In addition to safety, health and wellness for all, our concern is ensuring that the work we have done over the past 3 years with institutions like your own, is not in vain.

Students will still demand support to be successful. Some, more than others.

Educators will still need guidance and support to educate under new restrictions. Some, more than others.

Equity and inclusion are an imperative now, more than ever.

Public Service Announcement

There is a hidden, true cost of attendance for students, but even greater for students from historically marginalized communities (students of culture/color, first-generation, low SES).

This cost of attendance imposes a severe physical, mental, emotional and financial tax on students that has an onset at admission and lasts throughout their academic careers to graduation and beyond.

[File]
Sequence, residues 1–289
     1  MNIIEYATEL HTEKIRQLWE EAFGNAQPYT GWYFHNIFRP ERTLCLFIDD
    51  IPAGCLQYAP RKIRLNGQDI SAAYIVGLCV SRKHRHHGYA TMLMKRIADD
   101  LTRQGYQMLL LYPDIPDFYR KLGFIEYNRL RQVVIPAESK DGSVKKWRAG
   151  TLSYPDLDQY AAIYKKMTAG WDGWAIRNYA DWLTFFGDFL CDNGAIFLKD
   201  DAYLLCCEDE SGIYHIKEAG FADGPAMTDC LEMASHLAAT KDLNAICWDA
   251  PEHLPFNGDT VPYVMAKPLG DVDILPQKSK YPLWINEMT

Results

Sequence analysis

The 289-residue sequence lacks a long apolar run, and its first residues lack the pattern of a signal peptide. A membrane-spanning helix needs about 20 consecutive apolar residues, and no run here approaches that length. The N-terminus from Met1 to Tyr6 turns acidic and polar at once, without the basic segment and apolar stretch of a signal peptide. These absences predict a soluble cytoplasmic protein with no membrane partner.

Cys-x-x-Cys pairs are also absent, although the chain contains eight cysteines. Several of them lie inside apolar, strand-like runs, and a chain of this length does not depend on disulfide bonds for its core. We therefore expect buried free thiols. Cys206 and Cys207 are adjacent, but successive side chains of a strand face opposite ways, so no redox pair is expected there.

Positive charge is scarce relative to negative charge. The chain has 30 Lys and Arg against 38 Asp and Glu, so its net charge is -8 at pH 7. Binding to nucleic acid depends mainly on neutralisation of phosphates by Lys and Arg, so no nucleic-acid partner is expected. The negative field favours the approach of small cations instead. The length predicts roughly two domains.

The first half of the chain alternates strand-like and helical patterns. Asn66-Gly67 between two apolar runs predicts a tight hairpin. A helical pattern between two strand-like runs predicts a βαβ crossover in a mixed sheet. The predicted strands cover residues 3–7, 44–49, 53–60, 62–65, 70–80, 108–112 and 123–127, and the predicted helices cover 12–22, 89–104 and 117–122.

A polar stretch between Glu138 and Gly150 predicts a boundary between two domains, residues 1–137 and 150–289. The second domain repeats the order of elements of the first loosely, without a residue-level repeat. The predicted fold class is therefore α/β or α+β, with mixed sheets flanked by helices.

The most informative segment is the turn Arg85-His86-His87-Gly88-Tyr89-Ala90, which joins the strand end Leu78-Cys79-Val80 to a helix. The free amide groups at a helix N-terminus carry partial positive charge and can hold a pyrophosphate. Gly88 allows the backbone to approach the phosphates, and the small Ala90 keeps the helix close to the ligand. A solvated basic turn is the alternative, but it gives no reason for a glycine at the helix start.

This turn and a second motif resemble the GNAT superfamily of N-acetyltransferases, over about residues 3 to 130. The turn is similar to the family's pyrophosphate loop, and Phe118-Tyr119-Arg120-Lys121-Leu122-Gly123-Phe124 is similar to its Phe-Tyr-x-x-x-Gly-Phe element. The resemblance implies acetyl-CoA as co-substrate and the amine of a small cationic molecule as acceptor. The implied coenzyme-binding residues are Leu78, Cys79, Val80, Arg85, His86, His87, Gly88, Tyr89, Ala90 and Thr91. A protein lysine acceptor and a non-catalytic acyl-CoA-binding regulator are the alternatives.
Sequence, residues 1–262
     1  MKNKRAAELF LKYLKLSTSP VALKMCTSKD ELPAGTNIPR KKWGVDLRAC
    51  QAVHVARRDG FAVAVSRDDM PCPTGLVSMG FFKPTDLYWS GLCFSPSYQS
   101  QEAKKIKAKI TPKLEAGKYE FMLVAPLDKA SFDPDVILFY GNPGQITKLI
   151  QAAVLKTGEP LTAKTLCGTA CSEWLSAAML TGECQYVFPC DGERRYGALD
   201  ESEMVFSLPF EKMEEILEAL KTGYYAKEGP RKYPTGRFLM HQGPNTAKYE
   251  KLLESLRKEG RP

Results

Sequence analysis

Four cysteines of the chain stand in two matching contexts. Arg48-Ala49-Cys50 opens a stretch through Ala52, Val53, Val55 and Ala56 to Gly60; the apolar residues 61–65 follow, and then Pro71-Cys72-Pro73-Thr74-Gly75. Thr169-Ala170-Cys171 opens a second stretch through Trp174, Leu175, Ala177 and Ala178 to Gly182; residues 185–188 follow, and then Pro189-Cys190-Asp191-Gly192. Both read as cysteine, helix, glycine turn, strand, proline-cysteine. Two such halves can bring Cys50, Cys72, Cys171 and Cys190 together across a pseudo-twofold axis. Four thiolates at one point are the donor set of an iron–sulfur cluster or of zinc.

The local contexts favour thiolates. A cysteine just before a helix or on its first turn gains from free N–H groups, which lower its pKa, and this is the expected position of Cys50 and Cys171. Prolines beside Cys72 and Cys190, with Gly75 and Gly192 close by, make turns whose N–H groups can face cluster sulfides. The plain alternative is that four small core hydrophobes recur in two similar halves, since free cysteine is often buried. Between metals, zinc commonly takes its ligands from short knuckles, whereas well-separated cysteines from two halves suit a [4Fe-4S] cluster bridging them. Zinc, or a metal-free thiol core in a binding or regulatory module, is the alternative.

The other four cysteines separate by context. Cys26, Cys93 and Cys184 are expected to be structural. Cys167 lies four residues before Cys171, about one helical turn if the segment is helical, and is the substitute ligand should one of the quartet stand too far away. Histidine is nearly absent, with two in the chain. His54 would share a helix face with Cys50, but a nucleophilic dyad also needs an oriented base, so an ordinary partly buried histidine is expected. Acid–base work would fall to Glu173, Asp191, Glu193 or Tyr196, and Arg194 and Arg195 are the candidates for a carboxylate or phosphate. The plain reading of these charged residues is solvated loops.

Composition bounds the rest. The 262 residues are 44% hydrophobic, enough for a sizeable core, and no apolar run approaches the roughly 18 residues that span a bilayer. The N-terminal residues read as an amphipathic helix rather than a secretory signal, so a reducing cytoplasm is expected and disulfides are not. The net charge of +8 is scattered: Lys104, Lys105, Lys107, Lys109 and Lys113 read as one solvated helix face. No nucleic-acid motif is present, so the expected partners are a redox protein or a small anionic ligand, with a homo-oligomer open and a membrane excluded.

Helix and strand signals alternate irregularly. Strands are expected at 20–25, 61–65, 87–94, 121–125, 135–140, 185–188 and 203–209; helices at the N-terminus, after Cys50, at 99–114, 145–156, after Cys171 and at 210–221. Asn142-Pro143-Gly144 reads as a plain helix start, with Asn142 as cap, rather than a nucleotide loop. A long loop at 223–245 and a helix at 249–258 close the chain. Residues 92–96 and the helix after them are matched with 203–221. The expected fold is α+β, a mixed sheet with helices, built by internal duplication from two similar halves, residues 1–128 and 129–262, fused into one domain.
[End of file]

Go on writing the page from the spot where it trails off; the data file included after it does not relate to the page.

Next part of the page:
As you ponder what the future holds...

A gentle reminder of a few daily inequities that students face. During these ever-changing times, these inequities will not go away. They will continue to impose barriers on the academics of students during these times.

Access to Technology. Living on campus provides the opportunity to mask the stark reality that the living conditions of all students, are not created equal.

While transitioning to online only coursework, providing training for educators that ensures that all students have an accessible online experience is a must! Universal design in online course communities remains a gap area for many institutions.

In addition to access to technology, living on campus provides an invisible cloak of privacy for the living conditions many students endure in their primary residence; not to mention, some students do not have primary or permanent residence.

Food and Housing Insecurity.

Students that suffer from food and housing insecurity, have been historically excluded from the narrative of higher education. When considering the implications of "sending students home" or requiring that students not return after spring break, a process to screen and provide support for extenuating circumstances in key!